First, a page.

The gaping hole in between formations could be Van Marwijk’s biggest concern when it comes to setting tactical approach for Euro 2012. The coach will be hoping to rid the canyon-like abyss between defence and offense with the use of trusted anchormen. In the usual line-up this role is assigned to experienced trio – Van Bommel, Strootman and De Jong. Their linking duties will therefore be crucial for the flow of the Dutch game. Considering the importance of ball possession and exchange of passes in the middle of the field for the ‘Oranje’ team, the defensive midfielders are the liability here. Especially taking into account the quick temper and over-the-top aggression of the above-mentioned gentlemen.

Despite being one of the most impressive sides in European football today, the Dutch team still have plenty to think about ahead of the next year’s tournament. With the competition arguably in their best form in years, Bert Van Marwijk and company will have to produce a memorable series of performances in order to climb to the top.

Polish ‘hooligans’ not welcome in Enschede

By Christiaan Frankin

AMSTERDAM – Supporters of Polish Wisla Krakow were banned from the city center of Enschede in advance of their team’s Europa League match against FC Twente on Thursday.

The municipality of Enschede, local police, and FC Twente agreed on this measure to prevent confrontations between the opposing teams’ supporters

Local service industry members have lauded the decision. The Wisla Krakow supporters have been described as “fascist rioters who did not come here to have a friendly party” by spokesman Ronald Scholten.

According to Scholten, these supporters are aiming to make a name for themselves as diehard fighters, in advance of the 2012 European Championship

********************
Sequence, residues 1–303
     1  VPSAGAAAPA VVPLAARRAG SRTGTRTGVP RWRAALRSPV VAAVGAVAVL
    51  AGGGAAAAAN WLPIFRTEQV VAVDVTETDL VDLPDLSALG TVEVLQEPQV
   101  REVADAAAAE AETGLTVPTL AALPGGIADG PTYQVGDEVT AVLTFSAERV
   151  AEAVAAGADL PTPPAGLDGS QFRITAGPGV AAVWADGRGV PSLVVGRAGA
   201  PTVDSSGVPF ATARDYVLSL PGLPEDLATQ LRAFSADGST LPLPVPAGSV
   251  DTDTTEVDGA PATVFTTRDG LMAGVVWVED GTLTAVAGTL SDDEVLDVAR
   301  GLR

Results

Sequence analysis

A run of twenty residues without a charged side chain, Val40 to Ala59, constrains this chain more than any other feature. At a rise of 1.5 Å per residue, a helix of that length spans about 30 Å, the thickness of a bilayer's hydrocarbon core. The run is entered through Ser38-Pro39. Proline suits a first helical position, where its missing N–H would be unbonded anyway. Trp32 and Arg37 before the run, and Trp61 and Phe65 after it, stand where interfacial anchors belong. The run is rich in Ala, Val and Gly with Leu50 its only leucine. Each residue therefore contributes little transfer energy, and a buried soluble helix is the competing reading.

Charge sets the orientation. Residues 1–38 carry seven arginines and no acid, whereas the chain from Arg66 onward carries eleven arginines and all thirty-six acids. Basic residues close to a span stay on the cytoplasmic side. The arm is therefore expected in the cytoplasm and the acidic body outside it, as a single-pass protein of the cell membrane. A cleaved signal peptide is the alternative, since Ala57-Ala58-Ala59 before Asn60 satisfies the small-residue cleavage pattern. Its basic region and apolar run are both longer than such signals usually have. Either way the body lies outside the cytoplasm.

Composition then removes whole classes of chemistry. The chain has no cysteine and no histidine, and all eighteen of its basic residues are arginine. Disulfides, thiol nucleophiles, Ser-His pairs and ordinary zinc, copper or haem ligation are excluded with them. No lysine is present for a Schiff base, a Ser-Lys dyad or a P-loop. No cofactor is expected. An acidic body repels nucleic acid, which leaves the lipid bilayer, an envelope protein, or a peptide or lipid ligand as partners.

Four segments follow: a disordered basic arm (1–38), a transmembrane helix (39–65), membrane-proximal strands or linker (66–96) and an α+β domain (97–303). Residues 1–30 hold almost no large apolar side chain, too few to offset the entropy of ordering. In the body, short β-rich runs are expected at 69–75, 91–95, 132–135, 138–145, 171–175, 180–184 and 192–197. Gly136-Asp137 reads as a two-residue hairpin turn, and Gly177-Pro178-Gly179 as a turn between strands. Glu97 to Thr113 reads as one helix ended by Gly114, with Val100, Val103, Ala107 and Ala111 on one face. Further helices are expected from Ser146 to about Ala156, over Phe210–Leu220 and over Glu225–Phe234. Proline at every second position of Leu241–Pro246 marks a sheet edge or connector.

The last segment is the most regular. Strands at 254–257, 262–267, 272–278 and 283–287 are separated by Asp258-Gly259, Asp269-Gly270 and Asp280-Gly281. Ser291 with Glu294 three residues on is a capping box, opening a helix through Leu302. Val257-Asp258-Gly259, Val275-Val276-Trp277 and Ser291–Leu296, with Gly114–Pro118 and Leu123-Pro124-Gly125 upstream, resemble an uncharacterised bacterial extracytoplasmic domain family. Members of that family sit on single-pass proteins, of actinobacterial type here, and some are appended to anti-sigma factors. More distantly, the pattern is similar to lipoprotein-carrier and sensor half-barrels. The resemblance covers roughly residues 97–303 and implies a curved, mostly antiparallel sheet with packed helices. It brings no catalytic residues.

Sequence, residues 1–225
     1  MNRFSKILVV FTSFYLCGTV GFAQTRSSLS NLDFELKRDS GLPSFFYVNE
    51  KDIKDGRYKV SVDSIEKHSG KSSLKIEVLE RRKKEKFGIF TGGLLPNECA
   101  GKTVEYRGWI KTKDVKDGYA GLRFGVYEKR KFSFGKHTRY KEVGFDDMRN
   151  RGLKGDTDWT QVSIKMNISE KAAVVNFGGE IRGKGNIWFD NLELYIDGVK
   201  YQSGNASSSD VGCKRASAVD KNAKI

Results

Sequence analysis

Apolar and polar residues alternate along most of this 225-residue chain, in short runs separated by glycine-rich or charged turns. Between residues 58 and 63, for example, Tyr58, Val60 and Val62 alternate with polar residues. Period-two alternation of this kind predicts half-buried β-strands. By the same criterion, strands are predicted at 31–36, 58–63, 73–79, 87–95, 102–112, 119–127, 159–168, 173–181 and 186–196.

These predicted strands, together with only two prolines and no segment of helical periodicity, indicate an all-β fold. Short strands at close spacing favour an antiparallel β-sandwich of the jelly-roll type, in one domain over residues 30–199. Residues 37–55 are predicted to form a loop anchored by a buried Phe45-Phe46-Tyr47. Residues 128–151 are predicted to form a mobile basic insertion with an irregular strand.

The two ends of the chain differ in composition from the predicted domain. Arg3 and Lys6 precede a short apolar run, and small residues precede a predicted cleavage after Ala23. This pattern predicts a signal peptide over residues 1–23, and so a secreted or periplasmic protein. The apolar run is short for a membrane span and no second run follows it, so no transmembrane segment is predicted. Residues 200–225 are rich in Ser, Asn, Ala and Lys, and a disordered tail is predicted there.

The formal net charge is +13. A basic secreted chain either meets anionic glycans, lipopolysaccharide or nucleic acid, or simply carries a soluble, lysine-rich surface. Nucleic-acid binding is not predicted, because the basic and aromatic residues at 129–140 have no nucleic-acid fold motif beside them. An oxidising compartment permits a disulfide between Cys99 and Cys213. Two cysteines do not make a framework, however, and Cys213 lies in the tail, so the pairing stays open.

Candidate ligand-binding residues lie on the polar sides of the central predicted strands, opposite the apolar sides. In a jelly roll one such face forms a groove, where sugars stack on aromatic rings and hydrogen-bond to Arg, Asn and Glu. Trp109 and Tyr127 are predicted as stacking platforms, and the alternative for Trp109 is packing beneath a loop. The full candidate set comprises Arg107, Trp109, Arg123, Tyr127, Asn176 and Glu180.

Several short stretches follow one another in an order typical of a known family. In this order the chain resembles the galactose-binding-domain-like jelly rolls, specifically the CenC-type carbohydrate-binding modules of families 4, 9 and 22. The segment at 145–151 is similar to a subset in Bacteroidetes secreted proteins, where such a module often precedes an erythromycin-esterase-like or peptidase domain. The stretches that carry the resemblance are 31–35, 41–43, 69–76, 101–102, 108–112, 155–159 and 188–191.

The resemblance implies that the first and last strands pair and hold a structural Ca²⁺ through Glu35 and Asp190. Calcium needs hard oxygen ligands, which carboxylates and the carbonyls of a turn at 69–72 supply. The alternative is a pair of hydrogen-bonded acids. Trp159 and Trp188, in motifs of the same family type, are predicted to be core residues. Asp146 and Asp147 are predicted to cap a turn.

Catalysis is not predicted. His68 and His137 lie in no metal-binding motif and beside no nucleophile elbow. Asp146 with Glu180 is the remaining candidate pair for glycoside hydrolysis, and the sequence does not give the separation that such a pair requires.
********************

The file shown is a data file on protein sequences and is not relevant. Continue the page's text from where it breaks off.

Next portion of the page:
Fortunately, no incidents occurred on the day of the match.

Not all previous encounters between football teams have been this successful however.

Just last year, after the Champions League match against Tottenham, there were confrontations between supporters and police forces around the stadium.

This incident was still rather minor compared to the violence that has accompanied the rivalry between Ajax and Feyenoord, culminating in the battle of Beverwijk in 1997, which led to the death of an Ajax supporter.

Outside of the Netherlands, incidents of football-related violence have even been on a greater scale; English clubs were banned from European football for 5 years after the 1985 European Cup final at the Heysel Stadium, when 39 Juventus fans were killed, and another 600 were injured.

Such incidents raise the question of why some football supporters feel the urge to fight and destroy everything around them, every time their team plays?

While plenty of bones are broken and tendons and muscles are torn in actual football games every year, such injuries are rarely intentional, and the offending players are often punished with suspensions or fines. Football should not be a violent sport.

The world football organization FIFA has campaigned for respect and uniting people through football for several years now.

Yet, hooliganism is one of the main issues facing football today.

With crowds at stadiums often counting tens of thousands of supporters, the manpower required to ensure the safety of the fans, the players, and the police themselves is significant, and extremely costly.

As a result of recent budget cuts, football teams are now obliged to pay for the required police forces and security measures around the stadium on match days. As a result, hooligan fans are directly costing their clubs millions of Euros every year.

It is difficult to argue any rational reasons for the violent behaviour shown by football hooligans, so perhaps the irrational ones should be considered.